After selecting your social media of your choice, you'll be given a set of actions. Twitter happens to offer quite a few actions to chose from. In this case, I'll select "Post a tweet." For Facebook, that'd be "Create a status message."

Step 6: Connect IFTTT to Your Social Media

After you select your action, IFTTT will ask to connect to your social media so that it can post your recorded voicemail on your behalf. Enter your login information, click "Authorize app," and proceed to the next step.

If you're using the mobile app and already have the Twitter or Facebook app installed on your phone, IFTTT will still ask for permission to your access your account, and you may have to re-login to those networks to give permission. And if you get a message saying IFTTT couldn't connect, just try tapping the red "+" sign again, select Twitter or Facebook, and it should work.

Step 7: Personalize the Action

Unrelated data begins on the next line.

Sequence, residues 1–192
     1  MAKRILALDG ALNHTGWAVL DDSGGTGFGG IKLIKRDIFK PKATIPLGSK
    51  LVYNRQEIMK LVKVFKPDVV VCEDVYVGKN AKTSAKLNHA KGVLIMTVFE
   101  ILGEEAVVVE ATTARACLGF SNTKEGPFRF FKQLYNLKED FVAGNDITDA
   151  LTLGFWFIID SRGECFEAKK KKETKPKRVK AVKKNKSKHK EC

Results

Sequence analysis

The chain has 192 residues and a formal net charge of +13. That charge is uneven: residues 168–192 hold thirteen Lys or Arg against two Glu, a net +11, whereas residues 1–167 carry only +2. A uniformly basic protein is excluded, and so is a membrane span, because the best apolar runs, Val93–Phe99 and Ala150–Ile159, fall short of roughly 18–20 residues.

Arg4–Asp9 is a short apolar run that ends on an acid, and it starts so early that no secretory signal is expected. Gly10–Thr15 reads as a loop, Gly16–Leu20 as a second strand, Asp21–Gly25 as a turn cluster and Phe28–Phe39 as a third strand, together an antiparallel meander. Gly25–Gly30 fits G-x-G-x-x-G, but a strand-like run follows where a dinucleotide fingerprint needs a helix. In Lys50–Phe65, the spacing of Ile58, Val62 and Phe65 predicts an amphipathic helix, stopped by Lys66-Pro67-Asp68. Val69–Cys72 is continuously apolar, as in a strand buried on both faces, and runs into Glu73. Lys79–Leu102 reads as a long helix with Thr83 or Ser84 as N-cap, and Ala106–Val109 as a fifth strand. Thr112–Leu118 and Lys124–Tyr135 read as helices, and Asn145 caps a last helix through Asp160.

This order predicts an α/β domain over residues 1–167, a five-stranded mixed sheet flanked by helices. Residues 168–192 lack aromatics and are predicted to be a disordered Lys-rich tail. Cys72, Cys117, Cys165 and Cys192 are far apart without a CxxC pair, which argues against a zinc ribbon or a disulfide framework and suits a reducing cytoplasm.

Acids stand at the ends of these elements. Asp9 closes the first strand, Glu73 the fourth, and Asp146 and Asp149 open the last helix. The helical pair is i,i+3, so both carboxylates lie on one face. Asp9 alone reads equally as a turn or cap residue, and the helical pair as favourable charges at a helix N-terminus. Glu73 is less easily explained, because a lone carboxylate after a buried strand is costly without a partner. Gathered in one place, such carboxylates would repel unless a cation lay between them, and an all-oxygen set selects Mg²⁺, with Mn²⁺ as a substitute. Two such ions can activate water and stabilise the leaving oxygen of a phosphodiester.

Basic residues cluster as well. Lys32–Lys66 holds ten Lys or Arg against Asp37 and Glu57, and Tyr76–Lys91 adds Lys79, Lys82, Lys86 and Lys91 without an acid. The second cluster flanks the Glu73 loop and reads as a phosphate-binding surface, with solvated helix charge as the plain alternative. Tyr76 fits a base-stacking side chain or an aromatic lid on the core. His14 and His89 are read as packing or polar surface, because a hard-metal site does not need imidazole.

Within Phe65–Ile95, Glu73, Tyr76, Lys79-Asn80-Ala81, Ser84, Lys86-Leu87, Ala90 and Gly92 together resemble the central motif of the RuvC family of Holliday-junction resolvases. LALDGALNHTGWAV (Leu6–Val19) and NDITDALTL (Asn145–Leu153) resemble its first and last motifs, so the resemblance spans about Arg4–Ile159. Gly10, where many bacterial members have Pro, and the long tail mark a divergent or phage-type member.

The last step in creating the action is customizing it. If you're using the mobile app, skip ahead to the next section, as it works slightly different.

IFTTT has automatically filled the tweet's action field with {{Message}} and {{Mp3URL}}. This means that it will tweet a text version of my message and also attach a URL to an .mp3 of my recorded voice.

I do not want to tweet .mp3s of my recorded voice, so I'm going to remove that command and just keep {{Message}} in there. If the field is blank, which could happen with Facebook, just make sure to input {{Message}}.

If you'd like, you can add text like "(Translated from speech-to-text)," but remember, you'll still have to abide by Twitter's character limit. This makes more sense for Facebook posts, especially if you don't want your friends to think you can't spell or use punctuations correctly.